For Famed Photographer David Yarrow, “It’s a Pirate’s Life For Me”

Interested in high seas adventures? So too is photographer David Yarrow, who is putting together a pirate-themed photography collection.

Photographer David Yarrow, whose work has been auctioned at Sotheby’s and put on display at prestigious galleries the world over, is now looking to enjoy a pirate’s life. Of course, Yarrow won’t be sailing the high seas, capturing treasure-laden ships, but he will be using his photography skills to capture what a pirate’s life may have looked like.

“One of my major goals as a photographer has been capturing the lives of others,” David Yarrow explains. “From Sudanese herdsmen to Native Americans at the arctic edges of civilization, I’ve been blessed to see just how diverse human lives can be.”

So why are pirates next on the list? It’s perhaps hard to believe, but to this day, pirates still prowl the oceans. Modern-day high seas piracy looks far different from your typical video game or movie chronicling the Golden Age of Pirates. Even from a historical perspective, these fictional works often fail to capture the nuances of the truth.

“I melded history, fiction, and modernity through a Wild West photo collection and aim to do the same next with pirates,” says photographer David Yarrow. “Through photography, we can capture both the real world and imagination too, and that’s what I aim to do with pirates.”

Pirates certainly capture the imagination, perhaps more so than treasure. History tends to glorify the past, but a pirate’s life was typically hard, full of uncertainty, and rich with risk, not just gold and silver.

Photographer David Yarrow Discusses the Importance of Photography

These days, it seems like everyone is a photographer. Most smartphones now come equipped with great cameras that can capture life’s moments. And yet, photography is about more than simply capturing images. What’s vital is preserving moments and documenting history.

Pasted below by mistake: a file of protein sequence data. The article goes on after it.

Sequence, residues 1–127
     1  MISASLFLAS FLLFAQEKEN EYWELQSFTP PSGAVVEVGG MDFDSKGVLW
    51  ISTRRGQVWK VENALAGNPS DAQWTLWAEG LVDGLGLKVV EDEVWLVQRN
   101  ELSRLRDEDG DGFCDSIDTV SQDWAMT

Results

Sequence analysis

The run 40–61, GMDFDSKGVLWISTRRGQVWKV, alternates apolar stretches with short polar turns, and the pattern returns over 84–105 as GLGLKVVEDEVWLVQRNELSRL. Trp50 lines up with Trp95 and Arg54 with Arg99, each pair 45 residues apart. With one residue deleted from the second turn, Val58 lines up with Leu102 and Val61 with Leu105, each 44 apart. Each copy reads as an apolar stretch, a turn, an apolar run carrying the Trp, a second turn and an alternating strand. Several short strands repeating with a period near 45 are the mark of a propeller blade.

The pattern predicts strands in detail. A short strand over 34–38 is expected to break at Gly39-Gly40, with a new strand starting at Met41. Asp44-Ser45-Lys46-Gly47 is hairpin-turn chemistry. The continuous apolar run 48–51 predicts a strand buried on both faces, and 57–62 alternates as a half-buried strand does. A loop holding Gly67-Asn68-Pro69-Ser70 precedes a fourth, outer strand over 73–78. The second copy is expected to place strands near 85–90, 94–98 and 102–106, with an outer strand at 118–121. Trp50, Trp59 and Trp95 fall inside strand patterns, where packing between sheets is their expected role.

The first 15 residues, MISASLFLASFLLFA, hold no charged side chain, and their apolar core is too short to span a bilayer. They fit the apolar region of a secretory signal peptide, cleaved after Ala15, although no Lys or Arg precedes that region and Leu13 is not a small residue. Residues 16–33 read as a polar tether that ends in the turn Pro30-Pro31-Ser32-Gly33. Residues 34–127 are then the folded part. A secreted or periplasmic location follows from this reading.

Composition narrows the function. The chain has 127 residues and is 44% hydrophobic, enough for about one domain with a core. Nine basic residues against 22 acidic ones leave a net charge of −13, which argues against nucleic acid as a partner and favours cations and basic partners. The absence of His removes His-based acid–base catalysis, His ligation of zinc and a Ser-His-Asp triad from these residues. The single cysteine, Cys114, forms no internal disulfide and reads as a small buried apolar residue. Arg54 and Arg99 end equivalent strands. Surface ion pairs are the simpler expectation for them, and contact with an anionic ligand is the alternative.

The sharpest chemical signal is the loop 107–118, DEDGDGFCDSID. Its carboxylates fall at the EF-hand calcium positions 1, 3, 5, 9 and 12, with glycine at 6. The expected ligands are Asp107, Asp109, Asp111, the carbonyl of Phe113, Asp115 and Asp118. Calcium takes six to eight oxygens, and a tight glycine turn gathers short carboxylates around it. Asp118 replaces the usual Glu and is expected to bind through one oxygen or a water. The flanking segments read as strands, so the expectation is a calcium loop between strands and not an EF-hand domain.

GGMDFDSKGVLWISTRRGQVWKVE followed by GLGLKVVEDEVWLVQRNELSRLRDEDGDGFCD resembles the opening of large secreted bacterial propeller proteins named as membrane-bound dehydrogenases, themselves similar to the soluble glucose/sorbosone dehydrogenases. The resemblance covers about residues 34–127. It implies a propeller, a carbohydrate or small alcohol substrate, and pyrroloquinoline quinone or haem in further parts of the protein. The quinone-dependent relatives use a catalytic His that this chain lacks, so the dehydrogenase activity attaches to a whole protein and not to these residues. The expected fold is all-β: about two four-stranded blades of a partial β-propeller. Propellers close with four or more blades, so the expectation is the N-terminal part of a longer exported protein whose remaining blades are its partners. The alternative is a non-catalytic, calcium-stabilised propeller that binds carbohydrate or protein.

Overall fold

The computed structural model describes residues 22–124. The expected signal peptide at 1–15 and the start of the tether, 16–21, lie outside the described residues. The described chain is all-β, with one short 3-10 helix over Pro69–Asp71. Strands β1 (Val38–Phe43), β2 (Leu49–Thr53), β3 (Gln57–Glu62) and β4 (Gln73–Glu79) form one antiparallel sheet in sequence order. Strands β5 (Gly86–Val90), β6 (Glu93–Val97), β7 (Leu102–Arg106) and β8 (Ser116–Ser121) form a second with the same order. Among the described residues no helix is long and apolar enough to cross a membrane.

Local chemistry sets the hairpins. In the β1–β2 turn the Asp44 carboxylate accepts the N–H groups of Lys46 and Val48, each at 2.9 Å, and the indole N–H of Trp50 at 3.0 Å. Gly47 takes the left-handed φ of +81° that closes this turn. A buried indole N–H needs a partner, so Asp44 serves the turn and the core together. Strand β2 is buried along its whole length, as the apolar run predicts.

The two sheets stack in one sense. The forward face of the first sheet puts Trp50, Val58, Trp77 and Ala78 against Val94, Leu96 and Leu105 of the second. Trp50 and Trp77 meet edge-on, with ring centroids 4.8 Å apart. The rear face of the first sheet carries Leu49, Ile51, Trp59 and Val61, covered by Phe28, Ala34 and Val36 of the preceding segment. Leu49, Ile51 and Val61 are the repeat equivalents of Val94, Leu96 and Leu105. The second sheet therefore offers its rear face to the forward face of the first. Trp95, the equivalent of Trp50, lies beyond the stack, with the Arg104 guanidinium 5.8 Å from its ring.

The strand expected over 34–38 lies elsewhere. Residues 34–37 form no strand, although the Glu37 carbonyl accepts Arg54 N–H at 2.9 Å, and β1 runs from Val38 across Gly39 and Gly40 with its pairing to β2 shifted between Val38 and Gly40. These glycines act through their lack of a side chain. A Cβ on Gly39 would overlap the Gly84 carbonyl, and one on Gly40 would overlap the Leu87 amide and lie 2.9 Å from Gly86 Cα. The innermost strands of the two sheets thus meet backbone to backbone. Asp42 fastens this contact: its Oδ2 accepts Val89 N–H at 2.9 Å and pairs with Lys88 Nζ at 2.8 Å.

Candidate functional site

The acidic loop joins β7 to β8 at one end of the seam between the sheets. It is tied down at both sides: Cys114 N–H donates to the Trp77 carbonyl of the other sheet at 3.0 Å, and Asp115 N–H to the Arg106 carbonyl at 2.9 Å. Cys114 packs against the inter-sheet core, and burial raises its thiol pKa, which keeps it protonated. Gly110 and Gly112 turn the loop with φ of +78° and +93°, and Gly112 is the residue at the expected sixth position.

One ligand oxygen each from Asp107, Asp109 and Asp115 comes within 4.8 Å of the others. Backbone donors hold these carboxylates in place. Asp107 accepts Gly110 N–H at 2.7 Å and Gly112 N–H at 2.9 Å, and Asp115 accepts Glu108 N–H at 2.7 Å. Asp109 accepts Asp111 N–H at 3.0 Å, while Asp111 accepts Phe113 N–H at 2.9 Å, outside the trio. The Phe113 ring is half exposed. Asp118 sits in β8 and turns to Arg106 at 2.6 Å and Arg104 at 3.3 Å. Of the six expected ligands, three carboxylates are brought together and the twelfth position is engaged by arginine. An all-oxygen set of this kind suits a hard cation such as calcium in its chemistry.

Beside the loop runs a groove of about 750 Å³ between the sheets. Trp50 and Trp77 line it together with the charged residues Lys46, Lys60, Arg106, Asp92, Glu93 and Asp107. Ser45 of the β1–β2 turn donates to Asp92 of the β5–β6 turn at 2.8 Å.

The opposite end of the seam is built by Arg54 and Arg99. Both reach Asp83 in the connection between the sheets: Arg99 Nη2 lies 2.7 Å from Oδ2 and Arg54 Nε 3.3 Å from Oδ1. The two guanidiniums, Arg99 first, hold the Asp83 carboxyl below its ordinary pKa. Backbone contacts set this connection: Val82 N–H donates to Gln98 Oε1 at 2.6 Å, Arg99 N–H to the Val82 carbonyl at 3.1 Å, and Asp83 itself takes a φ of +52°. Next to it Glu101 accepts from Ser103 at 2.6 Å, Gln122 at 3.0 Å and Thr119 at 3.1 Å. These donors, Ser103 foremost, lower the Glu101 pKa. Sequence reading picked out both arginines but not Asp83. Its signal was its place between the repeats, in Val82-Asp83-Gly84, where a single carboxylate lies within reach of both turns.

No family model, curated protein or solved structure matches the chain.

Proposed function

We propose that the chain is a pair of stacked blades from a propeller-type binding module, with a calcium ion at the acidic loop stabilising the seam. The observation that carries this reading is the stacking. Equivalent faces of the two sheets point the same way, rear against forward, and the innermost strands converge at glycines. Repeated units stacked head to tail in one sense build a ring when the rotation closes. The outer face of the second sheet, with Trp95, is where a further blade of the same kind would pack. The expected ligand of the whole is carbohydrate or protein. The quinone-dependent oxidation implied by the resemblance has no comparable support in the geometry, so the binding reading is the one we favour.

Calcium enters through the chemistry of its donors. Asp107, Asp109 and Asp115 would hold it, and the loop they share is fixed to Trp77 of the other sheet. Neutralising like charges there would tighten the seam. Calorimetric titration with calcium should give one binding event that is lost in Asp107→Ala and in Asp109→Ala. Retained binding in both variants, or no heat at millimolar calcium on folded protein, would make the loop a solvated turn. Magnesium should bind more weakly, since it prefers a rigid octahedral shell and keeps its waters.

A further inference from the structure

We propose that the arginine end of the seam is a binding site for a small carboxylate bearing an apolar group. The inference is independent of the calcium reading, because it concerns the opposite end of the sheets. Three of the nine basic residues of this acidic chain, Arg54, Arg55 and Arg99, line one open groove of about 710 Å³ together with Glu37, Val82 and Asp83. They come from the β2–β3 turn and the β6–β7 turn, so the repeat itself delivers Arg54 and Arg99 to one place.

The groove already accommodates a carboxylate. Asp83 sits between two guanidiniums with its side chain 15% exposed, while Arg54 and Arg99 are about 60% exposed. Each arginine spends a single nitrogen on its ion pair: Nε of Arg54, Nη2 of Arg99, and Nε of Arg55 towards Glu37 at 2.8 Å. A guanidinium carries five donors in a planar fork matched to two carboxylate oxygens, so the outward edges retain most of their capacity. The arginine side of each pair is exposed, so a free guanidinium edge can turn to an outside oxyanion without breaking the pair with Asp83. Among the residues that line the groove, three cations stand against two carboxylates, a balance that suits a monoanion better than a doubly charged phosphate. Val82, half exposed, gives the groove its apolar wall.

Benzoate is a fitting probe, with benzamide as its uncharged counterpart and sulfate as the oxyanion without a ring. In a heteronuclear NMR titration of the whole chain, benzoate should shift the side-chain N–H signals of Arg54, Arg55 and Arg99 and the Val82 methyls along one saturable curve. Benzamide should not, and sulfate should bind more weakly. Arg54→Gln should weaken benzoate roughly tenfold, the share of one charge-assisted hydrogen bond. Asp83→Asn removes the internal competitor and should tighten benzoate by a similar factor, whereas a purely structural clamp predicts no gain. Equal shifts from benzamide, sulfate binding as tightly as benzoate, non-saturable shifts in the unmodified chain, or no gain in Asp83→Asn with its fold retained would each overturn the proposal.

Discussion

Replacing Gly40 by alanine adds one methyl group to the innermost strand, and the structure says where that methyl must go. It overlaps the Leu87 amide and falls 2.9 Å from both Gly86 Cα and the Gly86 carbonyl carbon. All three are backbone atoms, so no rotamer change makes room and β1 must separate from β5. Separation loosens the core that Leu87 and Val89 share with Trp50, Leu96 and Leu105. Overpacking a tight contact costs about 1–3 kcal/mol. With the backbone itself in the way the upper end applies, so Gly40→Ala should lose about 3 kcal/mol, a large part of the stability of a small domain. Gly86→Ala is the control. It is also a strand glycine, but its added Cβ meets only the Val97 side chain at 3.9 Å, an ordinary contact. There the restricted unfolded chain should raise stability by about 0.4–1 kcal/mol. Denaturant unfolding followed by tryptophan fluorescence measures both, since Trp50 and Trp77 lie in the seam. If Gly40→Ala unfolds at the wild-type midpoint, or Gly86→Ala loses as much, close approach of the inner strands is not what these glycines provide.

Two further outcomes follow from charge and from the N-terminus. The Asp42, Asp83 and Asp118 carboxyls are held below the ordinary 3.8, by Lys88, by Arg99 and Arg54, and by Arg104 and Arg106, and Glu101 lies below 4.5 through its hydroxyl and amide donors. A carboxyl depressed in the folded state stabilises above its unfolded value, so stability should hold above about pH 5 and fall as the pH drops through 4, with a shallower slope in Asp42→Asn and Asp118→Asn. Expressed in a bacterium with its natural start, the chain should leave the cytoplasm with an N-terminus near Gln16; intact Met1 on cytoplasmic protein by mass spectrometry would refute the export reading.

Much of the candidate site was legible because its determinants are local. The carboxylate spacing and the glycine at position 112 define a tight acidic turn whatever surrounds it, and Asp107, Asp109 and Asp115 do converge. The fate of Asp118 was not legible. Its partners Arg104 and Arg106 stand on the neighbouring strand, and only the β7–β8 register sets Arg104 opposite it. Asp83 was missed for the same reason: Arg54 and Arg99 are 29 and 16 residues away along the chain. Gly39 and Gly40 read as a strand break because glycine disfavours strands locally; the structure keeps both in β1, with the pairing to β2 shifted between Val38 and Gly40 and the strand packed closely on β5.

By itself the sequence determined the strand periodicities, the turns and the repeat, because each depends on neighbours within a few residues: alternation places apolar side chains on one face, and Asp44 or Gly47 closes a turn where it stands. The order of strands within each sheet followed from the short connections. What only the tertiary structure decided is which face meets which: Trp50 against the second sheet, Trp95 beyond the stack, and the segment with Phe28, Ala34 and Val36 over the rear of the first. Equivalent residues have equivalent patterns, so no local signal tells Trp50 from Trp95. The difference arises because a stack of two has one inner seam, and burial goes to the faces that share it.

“The world is a fast-changing place,” photographer David Yarrow notes. “Think about how different things are today compared to when you were growing up. Through photography, we can capture and record the present, thus offering it to the future.”

The first cameras didn’t appear until the mid-nineteenth century. By then, classical pirates had largely faded away, with the Golden Age of Piracy having wrapped up decades earlier. Through historical recreations, however, it’s possible to preserve and document the past.

Much of David Yarrow’s work focuses on wild animals and their ever-changing natural habitats. This should come as no surprise given that nature itself is rapidly changing. Photographs and video clips today will help preserve the history of nature and its evolution. Capturing historical recreations, meanwhile, helps document the growth of human civilization.

“Photography is both an art and a tool,” David Yarrow argues. “As a photographer, I try to use various angles and lighting methods to not simply capture an image, but instead to instill a moment or event. Whether it’s pirates or parrots, I want to transport my viewers to a specific time and occurrence.”